A Glassblower’s Tour of the Museum of American Glass

A Glassblower’s Tour of the Museum of American Glass

by Max Lefko-Everett, Artist

My name is Max Lefko-Everett and I am a resident artist at Wheaton Arts. Like so many before me, I moved to Millville, New Jersey to find work as a glassblower. Upon arriving five years ago i immediately explored the Museum of American Glass. It houses thousands of historical glass objects, photographs of mustachioed men at work in the factories and one of the most important collections of American studio glass- a homegrown movement of artists creating contemporary glass.

Last year, Kristin Qualls, the director of the museum of American glass, asked me to lead a series of tours from the perspective of a glassblower. I was excited to escape the oppressive summer heat of the glass studio, offer visitors my practical knowledge as a glassmaker and mine the collection for inspiration.

The tours were very well attended and visitors asked a host of different questions. Naturally, the inquiries relating to process and technique were easier to field than recollecting the names and dates associated with said objects. Fortunately, the museum labels could answer most questions of this nature when I couldn’t.

As for the older objects in the collection, my favorites are all in the first room of the museum. They are free-blown tableware that ranges from being durable and utilitarian to clunky and funky. These objects stand out to me because of their honest and simple nature. They were not made to be opulent jewels for luxurious homes. They are the sturdy wares of everyday life from an era when glass could only be fashioned by hand.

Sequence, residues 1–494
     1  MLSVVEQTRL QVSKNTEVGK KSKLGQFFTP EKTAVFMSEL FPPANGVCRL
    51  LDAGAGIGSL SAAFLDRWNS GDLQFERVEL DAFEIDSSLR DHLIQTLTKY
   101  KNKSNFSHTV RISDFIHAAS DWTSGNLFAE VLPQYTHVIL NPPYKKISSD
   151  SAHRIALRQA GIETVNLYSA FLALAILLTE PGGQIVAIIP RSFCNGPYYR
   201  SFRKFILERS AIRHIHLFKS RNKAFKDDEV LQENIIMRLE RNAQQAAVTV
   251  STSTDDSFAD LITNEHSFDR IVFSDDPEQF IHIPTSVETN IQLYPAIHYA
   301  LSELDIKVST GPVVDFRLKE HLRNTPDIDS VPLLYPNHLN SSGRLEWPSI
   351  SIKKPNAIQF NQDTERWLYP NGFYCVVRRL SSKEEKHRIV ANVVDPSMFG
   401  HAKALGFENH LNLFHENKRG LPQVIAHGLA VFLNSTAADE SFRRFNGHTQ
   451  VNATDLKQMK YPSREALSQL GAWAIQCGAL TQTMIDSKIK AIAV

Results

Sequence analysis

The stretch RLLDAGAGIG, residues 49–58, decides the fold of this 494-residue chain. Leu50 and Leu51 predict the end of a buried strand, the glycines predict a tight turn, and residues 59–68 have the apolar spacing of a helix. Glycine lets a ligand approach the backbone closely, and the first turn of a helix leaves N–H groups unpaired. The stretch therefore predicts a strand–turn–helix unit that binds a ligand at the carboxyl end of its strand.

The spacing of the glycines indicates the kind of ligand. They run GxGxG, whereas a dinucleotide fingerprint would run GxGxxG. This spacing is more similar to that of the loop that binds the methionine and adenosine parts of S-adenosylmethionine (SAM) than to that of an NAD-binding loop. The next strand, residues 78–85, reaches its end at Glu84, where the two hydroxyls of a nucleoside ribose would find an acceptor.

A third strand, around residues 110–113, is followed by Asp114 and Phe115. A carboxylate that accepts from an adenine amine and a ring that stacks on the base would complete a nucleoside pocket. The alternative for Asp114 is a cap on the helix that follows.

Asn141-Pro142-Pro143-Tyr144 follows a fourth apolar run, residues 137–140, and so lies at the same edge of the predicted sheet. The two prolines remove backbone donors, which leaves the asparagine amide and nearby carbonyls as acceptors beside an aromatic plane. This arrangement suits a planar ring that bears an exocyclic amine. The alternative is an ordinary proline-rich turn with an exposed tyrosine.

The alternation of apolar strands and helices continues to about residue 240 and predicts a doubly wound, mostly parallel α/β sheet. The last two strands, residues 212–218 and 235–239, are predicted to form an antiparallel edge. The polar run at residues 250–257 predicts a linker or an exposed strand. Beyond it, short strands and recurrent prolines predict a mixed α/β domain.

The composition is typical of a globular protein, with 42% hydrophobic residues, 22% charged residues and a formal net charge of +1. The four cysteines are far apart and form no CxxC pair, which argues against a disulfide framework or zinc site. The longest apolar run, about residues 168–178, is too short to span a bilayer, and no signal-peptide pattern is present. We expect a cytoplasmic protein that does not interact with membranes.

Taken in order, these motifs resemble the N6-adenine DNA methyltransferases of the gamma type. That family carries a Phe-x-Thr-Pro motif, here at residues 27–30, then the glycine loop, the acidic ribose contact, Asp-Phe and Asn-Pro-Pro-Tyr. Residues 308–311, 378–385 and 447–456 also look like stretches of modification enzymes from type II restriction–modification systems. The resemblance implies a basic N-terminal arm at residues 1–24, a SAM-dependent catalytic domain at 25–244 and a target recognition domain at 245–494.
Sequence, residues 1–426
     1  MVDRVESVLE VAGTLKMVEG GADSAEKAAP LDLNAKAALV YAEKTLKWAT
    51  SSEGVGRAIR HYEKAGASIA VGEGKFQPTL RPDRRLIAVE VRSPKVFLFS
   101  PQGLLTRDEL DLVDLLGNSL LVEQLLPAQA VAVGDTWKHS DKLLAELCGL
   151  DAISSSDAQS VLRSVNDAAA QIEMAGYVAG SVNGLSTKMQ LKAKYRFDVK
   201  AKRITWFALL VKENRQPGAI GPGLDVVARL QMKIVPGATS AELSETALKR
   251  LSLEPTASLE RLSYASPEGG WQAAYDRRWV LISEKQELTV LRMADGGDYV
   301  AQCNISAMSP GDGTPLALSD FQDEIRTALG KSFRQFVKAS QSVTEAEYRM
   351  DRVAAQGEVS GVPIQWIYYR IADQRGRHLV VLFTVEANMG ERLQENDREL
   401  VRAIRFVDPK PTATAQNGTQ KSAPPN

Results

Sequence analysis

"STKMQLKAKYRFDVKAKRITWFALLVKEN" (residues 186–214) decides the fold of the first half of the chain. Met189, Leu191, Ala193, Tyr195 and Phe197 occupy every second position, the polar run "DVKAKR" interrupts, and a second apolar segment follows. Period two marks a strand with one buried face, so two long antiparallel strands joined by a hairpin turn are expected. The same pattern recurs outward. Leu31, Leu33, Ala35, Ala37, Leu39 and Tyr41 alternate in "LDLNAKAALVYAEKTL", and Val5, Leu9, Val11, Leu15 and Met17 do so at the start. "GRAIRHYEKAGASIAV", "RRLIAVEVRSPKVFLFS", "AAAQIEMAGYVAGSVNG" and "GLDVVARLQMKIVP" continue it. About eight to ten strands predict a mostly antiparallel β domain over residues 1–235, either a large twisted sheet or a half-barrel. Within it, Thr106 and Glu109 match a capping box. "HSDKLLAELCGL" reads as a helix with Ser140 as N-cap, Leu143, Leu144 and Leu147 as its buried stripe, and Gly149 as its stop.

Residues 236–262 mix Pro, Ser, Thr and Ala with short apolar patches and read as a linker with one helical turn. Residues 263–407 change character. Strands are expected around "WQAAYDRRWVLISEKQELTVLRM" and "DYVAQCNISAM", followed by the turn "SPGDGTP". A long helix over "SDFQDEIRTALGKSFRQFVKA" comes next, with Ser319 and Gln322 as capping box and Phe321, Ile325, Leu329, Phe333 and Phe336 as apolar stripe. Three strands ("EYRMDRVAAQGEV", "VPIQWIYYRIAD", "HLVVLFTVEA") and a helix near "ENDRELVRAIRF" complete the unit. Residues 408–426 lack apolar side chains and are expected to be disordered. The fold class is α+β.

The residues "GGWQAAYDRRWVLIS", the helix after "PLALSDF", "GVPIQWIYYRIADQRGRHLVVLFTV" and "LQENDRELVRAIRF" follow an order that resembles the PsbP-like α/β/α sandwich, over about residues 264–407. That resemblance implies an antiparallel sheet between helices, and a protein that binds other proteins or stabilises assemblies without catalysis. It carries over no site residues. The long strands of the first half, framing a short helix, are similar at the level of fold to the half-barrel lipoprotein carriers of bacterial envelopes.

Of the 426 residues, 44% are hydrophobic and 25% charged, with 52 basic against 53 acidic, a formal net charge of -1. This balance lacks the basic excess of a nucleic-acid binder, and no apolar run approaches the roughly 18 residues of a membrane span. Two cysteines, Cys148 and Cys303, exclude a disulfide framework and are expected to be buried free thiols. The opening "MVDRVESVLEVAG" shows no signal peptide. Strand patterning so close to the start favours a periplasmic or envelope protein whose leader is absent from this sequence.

Fast forward one hundred and fifty years and you have arrived at the museums major exhibit- Wheaton Glass: The Art of the Fellowship, which chronicles past 30 years of CGCA fellowships. The show is a cross section of artists who are considered pioneers in rediscovering handmade glass as well as emerging artists pushing the boundaries of process and product. They come from many countries as well as the United States to and in this way Wheaton Arts has become an internationally recognized hub for glassmakers. I know many of the artists personally and have had the pleasure to work alongside them in the glass studio. This put me in a unique position to describe their processes and concepts they use in their work.

People who work with glass are constantly innovating and yet they always have a foot in the past – it is the nature of the process and material. The Museum of American glass is truly a celebration of this fact. I am proud to say that as an institution, Wheaton Arts is capable of delivering an experience to both the visitors and artists, that is more intimate and personal than many can offer. Here is to the next 150 years!